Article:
It’s not just higher prices that are squeezing Americans’ finances, as median household income also fell by about $2,000 last year, marking the third consecutive annual decrease.
Adjusted for inflation, median family income dropped to $74,580 in 2022 — a more than 2% decline from the 2021 estimate of $76,330, according to a recent report by the U.S. Census Bureau. That figure also marks the largest decrease since 2010.
While the official poverty rate in the U.S. was not statistically different between 2021 and 2022, the supplemental poverty measure — which accounts for things like government benefits — was 12.4% last year, a more than 4% increase from the previous year. To no surprise, that supplemental measure spiked during a period when many pandemic-era aid programs were rolled back, such as increased child tax credits and the pause on federal student loan payments.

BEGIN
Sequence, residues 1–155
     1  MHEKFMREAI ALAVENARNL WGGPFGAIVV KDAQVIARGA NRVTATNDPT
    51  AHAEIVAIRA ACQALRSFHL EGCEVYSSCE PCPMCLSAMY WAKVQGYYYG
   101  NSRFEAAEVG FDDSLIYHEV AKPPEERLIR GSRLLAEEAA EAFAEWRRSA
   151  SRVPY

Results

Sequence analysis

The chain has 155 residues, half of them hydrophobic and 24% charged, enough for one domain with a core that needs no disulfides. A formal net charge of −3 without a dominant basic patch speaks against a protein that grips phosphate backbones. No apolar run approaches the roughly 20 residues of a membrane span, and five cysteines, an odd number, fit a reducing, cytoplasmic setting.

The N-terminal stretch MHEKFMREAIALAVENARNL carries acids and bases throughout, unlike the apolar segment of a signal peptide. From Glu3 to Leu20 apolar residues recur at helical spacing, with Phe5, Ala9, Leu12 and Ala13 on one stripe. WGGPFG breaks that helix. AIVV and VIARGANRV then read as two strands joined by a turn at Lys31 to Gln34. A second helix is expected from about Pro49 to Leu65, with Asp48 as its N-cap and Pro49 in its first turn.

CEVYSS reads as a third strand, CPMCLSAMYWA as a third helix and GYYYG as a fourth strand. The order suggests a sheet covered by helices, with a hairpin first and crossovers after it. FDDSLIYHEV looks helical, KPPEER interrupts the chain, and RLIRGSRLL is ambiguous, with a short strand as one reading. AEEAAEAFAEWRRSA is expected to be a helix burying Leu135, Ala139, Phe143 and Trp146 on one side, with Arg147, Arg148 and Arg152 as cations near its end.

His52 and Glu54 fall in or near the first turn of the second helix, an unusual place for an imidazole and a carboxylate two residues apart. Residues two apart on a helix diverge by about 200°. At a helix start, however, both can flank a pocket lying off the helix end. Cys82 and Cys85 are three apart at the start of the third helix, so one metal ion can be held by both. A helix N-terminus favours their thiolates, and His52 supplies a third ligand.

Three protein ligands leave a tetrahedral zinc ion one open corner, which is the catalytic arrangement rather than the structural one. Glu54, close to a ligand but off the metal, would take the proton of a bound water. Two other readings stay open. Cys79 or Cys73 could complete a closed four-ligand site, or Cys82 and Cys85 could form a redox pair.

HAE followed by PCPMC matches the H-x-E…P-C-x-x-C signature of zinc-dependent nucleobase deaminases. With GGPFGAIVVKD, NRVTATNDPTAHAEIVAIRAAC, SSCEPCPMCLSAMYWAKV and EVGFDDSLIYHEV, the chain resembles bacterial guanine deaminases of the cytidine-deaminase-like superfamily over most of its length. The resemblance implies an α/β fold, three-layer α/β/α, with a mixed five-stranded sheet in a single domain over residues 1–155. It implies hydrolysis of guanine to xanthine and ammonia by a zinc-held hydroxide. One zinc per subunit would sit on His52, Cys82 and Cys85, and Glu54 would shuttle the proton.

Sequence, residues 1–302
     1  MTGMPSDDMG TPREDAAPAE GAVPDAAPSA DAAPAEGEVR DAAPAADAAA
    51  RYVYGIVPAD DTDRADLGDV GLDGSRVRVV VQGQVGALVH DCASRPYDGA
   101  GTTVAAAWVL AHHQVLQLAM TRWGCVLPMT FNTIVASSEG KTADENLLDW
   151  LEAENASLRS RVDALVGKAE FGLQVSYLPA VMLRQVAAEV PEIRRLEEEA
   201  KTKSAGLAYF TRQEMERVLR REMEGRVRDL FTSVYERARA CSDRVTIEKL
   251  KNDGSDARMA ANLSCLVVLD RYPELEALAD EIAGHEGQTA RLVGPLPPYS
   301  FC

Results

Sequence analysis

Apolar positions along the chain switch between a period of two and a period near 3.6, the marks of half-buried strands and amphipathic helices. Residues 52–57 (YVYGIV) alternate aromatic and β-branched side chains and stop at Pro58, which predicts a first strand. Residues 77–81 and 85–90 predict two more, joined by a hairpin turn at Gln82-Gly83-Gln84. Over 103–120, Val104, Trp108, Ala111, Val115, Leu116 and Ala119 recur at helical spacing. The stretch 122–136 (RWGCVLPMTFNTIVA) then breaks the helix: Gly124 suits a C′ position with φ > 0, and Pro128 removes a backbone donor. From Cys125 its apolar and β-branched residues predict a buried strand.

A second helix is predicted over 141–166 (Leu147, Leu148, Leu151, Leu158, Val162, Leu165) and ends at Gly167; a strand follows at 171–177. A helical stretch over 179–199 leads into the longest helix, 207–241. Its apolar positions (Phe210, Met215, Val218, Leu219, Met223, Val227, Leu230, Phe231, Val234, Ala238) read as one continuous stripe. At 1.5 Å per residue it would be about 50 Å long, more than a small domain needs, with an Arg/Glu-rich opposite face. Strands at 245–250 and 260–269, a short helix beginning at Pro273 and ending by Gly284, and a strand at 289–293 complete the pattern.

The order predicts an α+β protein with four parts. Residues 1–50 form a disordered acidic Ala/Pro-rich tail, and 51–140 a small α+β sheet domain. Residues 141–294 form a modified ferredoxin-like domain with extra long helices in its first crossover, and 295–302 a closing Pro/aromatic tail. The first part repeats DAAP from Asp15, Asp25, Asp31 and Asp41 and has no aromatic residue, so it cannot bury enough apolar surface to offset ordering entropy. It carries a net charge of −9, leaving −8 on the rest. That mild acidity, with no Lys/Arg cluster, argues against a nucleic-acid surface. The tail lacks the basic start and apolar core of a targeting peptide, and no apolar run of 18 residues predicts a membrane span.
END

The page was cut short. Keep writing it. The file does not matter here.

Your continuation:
These changes may reflect higher inflation, which has slowed in recent months but nevertheless had a negative impact on Americans’ spending power. Inflation, which hit a 40-year high of 9.1% in June of last year, disproportionately impacts lower-income Black and Hispanic Americans who — on average — dedicate a larger proportion of their income to necessities.
While inflation has cooled over the past year due to numerous interest rate hikes by the Federal Reserve, unemployment has also remained low, leaving many economists wondering when — or if — a looming recession will take hold.
President Joe Biden has leaned heavily on the nation’s low unemployment rate as he campaigns for a second term in office and has been pushing his “Bidenomics” plan that he says focuses on growing the middle class by investing in energy, transportation and infrastructure. However, recent polling shows just 36% of U.S. adults approve of Biden’s handling of the economy.